By Michael Gorman
Representatives from Canada Post are in Yarmouth County trying to determine if any rural mailboxes are unsafe.
During a meeting last week with council for the Municipality of Yarmouth, Tinna Bonner, spokesperson for rural delivery services, said they’ve reached the point where they must ensure mailboxes are safe for their drivers.
“There’s always a number of rural mailboxes that pose risk to our drivers,” she said, adding that there have been three deaths since 2005 caused, at least in part, by unsafe mailbox locations.
Bonner said the volume and speed of traffic on rural roads is increasing. Besides monitoring traffic, criteria for what constitutes a safe or unsafe mailbox also consider the size of the shoulder, sight lines and whether or not it’s safe for a driver to stop.
As it stands, rural mail delivery people have the right to refuse service to mailboxes they feel are unsafe.
The evaluation in Yarmouth County is focusing on 3,464 rural mailboxes along nine rural routes in Yarmouth, Hebron and Arcadia. Bonner said it has nothing to do with cost-cutting measures.
“It’s actually costing Canada Post millions of dollars to conduct this review,” she said. “Our primary objective is to retain rural mailbox delivery.”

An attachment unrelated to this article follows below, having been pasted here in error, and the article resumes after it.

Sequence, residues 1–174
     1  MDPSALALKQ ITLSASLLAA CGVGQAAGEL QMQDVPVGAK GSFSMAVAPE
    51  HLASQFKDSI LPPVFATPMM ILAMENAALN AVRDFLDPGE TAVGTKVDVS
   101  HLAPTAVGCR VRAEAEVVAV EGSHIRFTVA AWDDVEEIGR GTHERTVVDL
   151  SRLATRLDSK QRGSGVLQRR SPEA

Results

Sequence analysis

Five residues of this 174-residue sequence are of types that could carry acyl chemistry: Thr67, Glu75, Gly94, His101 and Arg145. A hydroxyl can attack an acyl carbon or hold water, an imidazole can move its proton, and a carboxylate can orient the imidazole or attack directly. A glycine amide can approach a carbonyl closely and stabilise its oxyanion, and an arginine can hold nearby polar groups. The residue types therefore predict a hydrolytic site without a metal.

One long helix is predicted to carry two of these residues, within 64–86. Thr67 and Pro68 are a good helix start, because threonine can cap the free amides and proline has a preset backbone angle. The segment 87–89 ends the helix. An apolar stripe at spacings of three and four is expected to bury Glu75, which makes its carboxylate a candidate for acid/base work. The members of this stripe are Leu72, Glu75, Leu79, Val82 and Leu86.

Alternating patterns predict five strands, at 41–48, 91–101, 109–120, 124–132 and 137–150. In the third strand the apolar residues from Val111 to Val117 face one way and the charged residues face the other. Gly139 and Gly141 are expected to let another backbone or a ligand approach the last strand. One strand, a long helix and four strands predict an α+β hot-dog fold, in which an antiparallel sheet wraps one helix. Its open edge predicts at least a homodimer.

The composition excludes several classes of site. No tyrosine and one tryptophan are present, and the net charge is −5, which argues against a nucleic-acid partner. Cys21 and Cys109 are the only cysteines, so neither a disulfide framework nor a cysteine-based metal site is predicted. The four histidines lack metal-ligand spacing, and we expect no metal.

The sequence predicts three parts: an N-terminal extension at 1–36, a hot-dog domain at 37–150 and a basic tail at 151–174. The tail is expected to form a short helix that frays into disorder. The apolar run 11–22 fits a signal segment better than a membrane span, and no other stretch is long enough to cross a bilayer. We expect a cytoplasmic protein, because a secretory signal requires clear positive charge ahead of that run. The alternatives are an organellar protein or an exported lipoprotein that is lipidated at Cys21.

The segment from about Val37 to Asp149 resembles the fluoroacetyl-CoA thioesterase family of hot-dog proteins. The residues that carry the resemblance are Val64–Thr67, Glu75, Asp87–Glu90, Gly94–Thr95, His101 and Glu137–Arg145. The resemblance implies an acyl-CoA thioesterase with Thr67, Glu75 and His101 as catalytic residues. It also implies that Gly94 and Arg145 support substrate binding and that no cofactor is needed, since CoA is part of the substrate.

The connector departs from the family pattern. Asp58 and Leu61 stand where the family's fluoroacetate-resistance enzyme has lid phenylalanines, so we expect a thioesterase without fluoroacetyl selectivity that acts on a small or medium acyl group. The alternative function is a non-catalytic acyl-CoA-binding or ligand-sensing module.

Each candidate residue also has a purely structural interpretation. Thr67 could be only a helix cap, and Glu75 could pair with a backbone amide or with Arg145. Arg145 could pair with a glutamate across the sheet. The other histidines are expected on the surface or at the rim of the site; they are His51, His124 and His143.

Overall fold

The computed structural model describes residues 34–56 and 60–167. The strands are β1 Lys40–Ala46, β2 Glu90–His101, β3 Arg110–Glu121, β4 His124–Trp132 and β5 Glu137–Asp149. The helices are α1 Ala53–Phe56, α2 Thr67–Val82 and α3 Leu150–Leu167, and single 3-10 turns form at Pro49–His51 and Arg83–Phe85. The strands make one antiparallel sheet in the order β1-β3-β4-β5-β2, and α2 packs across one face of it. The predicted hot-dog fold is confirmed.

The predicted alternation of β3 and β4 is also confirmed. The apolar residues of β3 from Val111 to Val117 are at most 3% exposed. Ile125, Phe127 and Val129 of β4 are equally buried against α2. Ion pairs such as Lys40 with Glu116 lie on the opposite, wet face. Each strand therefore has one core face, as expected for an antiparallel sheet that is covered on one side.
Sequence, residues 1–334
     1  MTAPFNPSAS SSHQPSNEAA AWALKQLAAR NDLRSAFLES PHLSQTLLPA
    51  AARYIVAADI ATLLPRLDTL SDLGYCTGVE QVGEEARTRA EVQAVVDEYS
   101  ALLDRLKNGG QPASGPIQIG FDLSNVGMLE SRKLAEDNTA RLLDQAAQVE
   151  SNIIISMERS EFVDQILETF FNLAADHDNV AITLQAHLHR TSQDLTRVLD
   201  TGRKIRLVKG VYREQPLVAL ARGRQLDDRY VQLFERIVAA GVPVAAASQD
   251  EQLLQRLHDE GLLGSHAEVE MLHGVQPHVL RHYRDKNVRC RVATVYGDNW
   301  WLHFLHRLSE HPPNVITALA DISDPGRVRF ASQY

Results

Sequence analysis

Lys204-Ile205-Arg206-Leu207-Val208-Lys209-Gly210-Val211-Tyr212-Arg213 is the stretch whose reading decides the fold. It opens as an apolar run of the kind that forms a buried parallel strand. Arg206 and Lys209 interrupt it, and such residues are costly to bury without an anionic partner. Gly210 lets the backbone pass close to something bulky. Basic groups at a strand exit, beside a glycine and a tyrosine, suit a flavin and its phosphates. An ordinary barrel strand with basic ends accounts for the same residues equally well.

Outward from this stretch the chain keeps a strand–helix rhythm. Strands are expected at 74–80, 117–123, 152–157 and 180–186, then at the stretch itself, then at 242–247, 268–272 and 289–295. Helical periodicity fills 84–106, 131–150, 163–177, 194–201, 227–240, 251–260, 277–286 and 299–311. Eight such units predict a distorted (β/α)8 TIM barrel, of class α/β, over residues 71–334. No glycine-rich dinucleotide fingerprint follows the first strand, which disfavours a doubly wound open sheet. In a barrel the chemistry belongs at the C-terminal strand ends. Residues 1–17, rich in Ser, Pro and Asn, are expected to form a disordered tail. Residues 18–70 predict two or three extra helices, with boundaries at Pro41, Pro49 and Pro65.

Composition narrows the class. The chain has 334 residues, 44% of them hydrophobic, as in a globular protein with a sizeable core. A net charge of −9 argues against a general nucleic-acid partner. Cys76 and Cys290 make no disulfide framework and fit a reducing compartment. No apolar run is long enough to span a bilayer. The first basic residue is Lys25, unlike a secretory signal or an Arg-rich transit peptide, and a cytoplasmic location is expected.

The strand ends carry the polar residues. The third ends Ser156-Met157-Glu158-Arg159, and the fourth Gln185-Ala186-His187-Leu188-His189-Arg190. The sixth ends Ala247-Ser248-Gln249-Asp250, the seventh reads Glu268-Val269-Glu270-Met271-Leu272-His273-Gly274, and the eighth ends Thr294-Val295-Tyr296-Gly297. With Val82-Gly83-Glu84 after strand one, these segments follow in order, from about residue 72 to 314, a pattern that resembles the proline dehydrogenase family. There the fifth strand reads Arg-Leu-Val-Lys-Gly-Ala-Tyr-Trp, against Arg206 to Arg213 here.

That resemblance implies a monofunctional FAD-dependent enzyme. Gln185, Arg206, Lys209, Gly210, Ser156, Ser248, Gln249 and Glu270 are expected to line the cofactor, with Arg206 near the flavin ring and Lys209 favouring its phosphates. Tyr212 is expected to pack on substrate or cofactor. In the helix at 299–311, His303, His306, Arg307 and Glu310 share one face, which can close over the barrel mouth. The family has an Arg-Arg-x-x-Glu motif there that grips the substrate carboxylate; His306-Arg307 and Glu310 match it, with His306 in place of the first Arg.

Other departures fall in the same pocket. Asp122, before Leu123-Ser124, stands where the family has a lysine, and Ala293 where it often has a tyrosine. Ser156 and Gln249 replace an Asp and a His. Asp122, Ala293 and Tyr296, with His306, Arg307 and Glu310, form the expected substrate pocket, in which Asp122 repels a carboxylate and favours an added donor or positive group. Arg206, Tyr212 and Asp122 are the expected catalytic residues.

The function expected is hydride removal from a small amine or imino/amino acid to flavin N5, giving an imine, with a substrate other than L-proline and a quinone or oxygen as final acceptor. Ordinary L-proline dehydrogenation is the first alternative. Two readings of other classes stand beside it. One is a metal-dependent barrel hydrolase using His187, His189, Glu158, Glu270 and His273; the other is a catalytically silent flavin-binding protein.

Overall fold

If a mailbox fails the evaluation, customers could have the chance to relocate their boxes to a nearby location or, if relocation isn’t possible, they will be offered a community site in the area or a free post office box as long as one is available.
Although councillors understood why the process needs to happen, most expressed concerns about what the loss of a mailbox could mean for certain residents.
Councillor Heather MacDonald wondered what losing a mailbox might mean for seniors with limited or no mobility.
Bonner said before anything happens to a mailbox there is consultation between the residents and members of Canada Post. In the case of seniors they do whatever they can to find a solution.
“We try and work with the seniors as much as possible,” said Bonner, adding that there is a hardship case program to make arrangements for individuals who might have no other way to get their mail.
The preference is to avoid building new community mailboxes, said Bonner, due to the cost and maintenance issues. Deputy Warden Murray Goodwin was pleased to hear this news.
“I’m encouraged that you’re not out to get rid of rural mailboxes because you’d have a small war on your hands,” he said.
The evaluation process started towards the end of June. It’s expected everything would be complete — including issuing all approvals and dealing with any necessary moves — within 90 days.